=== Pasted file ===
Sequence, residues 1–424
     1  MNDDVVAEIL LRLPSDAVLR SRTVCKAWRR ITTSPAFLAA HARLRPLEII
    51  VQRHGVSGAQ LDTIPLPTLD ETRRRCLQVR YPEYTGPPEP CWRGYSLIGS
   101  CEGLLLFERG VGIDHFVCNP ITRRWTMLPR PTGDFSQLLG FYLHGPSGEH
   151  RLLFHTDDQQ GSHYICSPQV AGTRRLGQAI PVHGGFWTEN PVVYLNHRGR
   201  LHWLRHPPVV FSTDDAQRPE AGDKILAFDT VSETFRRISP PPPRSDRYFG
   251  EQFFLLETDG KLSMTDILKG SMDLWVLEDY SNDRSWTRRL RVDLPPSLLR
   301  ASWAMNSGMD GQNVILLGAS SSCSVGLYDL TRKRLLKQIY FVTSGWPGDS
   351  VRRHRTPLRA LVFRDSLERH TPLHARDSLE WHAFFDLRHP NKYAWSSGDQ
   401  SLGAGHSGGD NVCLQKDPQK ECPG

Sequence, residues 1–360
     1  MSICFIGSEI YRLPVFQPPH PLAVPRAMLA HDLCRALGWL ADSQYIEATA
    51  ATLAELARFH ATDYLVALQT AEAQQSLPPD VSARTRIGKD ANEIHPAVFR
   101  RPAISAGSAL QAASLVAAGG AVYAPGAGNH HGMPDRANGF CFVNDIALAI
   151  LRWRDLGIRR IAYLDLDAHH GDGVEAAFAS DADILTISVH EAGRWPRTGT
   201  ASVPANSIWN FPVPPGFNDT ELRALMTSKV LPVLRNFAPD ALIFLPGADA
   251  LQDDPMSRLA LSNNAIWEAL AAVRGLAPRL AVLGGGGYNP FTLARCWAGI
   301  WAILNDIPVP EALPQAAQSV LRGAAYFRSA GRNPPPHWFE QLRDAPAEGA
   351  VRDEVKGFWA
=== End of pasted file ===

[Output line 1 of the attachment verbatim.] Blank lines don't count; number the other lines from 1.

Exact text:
Sequence, residues 1–424